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Bob Menendez trial: Judge declares mistrial after deadlock

Senate Majority Leader Mitch McConnell has called for an ethics review of the Democratic Senator from New Jersey 

Mythili Sampathkumar
New York
Thursday 16 November 2017 19:19 GMT
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Robert 'Bob' Menendez gets into his car as he departs federal court, 15 November 2017 in Newark, New Jersey, where a mistrial was just declared
Robert 'Bob' Menendez gets into his car as he departs federal court, 15 November 2017 in Newark, New Jersey, where a mistrial was just declared (Spencer Platt/Getty Images)

A judge has declared a mistrial in the bribery trial against sitting Democratic Senator Bob Menendez.

Jurors deliberated for nearly 15 hours but could not reach the requisite unanimous decision after eleven weeks of testimony, exhibits, and arguments.

In their note to the court the 12 jurors - seven men and five women - wrote: “We cannot reach a unanimous decision...Nor are we willing to move away from our strong convictions.”

US District Court Judge William Walls said: "I find that you are unable to reach a verdict and that further deliberations would be futile and there is no alternative but to declare a mistrial,"

He interviewed each of the jurors individually in his chambers. Out of the two hours spent speaking to jurors, CNN reported Juror #3 was with the judge the longest, for nearly 30 minutes.

Mr Walls determined that none of the jurors would change their minds and thus declared a mistrial.

Within hours of the mistrial, Senate Majority Leader Mitch McConnell called for an ethics review of Mr Menendez.

He said in a statement that the Democrat "is one of only twelve US Senators to have been indicted in our history. His trial shed light on serious accusations of violating the public's trust as an elected official, as well as potential violations of the Senate's Code of Conduct."

He said the investigation should be begin "immediately."

The Senator was facing 18 counts of corruption - conspiracy, bribery, and honest services fraud - and pleaded not guilty to all charges.

Mr Menendez was accused of accepting illegal gifts from his friend of 25 years, ophthalmologist Dr Saloman Melgen, in exchange for lobbying in the interest of Mr Melgen's business interests in the Senate.

Prosecutors said the Senator accepted more than $600,000 in political contributions, hotel stays in Paris, and multiple rides Mr Melgen's private jet in exchange for getting US visas for Mr Melgen's girlfriends, assisting with the doctor's Medicare billing dispute that amounted to $8.9 million, and helping with a port security contract in the Dominican Republic in Mr Melgen's name.

Both those instances - the Medicare billing dispute and the issue between the doctor and the port authority on the island - were resolved in Mr Melgen's favour, argued prosectors.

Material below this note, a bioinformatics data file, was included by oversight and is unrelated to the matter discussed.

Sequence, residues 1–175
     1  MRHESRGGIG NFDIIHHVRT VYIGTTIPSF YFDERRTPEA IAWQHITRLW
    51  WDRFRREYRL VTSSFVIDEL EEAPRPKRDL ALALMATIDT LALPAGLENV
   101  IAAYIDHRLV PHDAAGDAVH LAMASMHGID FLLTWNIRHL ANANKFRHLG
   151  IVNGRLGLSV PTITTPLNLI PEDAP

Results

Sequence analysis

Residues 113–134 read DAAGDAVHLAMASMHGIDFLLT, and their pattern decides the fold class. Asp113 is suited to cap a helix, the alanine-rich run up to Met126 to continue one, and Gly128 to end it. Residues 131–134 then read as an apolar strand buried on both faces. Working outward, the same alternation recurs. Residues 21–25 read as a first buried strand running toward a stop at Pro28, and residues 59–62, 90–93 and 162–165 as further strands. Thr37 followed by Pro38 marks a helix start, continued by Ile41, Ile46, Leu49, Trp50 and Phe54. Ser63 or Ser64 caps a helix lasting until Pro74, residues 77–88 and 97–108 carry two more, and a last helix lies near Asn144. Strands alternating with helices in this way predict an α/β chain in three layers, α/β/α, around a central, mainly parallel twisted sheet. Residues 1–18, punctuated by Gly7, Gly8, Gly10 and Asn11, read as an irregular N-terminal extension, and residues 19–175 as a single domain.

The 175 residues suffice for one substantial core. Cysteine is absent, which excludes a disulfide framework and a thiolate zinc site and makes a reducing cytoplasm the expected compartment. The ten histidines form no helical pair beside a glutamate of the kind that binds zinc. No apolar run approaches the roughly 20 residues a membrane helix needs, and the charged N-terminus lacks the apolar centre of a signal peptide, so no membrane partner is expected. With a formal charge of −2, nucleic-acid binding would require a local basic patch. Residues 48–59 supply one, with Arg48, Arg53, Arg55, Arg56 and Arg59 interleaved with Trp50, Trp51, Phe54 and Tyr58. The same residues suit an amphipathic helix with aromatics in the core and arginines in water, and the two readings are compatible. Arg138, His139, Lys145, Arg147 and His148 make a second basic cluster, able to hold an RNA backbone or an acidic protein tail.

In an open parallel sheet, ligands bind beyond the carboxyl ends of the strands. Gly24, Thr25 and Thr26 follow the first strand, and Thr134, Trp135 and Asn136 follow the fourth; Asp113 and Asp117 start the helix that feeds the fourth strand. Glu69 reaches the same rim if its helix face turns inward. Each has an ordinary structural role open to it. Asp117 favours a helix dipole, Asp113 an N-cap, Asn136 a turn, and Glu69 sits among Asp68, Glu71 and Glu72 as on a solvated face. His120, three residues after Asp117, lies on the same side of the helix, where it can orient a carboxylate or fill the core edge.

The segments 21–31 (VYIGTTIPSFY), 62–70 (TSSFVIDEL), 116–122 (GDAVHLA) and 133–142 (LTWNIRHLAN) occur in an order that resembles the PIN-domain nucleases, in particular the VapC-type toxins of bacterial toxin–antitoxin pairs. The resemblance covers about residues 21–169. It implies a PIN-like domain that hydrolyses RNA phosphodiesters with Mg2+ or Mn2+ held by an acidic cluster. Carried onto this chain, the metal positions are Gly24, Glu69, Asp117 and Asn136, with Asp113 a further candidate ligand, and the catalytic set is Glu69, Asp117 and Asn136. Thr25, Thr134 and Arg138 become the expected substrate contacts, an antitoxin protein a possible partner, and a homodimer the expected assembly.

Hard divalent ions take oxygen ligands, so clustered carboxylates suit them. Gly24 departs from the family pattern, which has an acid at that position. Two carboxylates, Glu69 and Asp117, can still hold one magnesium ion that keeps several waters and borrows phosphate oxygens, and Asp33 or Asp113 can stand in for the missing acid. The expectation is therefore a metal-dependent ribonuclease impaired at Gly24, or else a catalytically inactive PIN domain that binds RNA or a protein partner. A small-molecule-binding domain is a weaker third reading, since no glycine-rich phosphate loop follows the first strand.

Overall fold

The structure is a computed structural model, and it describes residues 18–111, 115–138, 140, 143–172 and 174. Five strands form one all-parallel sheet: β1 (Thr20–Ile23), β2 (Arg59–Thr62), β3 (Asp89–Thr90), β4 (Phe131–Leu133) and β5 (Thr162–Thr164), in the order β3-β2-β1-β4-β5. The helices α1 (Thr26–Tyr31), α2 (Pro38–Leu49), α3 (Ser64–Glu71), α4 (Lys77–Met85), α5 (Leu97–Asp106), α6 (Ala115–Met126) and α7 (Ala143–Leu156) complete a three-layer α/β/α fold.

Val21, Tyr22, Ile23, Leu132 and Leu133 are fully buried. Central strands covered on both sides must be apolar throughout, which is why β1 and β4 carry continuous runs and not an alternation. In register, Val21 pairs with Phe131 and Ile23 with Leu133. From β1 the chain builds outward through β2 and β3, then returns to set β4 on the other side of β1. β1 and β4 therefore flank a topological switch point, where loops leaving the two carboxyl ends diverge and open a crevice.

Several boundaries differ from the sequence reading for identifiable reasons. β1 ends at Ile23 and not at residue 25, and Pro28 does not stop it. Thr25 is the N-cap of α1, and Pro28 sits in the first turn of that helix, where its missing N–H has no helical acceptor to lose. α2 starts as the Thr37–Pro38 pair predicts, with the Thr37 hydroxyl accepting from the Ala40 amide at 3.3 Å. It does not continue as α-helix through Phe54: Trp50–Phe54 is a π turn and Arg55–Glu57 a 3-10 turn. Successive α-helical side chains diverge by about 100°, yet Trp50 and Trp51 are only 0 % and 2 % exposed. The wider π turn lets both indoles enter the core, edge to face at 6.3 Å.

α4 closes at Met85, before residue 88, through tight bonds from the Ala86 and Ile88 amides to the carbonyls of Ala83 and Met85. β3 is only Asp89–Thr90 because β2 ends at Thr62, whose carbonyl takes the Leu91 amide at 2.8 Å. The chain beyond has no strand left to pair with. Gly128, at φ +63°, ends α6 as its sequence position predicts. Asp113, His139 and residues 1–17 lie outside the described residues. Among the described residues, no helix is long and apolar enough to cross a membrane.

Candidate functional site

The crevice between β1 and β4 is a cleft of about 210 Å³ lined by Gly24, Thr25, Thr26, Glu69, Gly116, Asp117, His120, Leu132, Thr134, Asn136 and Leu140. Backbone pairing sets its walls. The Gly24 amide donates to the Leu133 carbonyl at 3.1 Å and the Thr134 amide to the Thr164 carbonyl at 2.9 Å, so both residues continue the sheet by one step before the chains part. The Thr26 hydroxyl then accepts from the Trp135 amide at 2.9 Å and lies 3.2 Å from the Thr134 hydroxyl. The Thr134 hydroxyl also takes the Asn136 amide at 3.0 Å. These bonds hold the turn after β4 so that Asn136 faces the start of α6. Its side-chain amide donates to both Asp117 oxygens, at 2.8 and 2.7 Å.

The Senator's attorneys said he was more concerned that drug companies were unfairly benefiting in the Medicare billing dispute and that port security was a larger area of concern for the New Jersey Democrat.

Mr Menendez was also charged with lying on government forms for not declaring the value of any of these as gifts, as required by government officials.

The defence argued that the two men were friends for so long that these were not official gifts and were not given or received with any intent of political favours. They called Senators Cory Booker and Lindsay Graham, a Republican, to the witness stand to vouch for their colleagues' character as well.

One excused juror, according to the Washington Post, said last week that she would have voted for an acquittal of Mr Menendez but said the case would likely end in a hung jury.

Prosecutors had asked Mr Walls to instruct the jury to issue a partial verdict - separating the charges to ensure some sort of conviction or definitive verdict.

However, Mr Walls said that could lead the court down a "slippery slope of coercion" and decided all the charges needed to be taken into account together.

The legal precedent used by Mr Walls to judge this case was established earlier this year in a US Supreme Court case against former Republican Virginia Governor Robert F. McDonnell, whose conviction was overturned.

That precedent made it difficult for prosecutors as it determined the standard for a crime in these cases was an explicit "quid pro quo" - a gift for a political favour.

US Department of Justice prosecutors in Mr Menendez's case did not have a proverbial 'smoking gun' to meet that standard, according to at least some of the jurors.

Mr Menendez's Democratic seat in the Senate has been critical and if he had stepped down or been convicted before mid-January 2018, outgoing New Jersey Governor Chris Christie - a Republican - could have appointed a Republican to his seat, per state rules.

It remains unclear at this time whether the case will be tried again with a new jury, but the DOJ may face some political pressure to put the Senator in the courtroom again.

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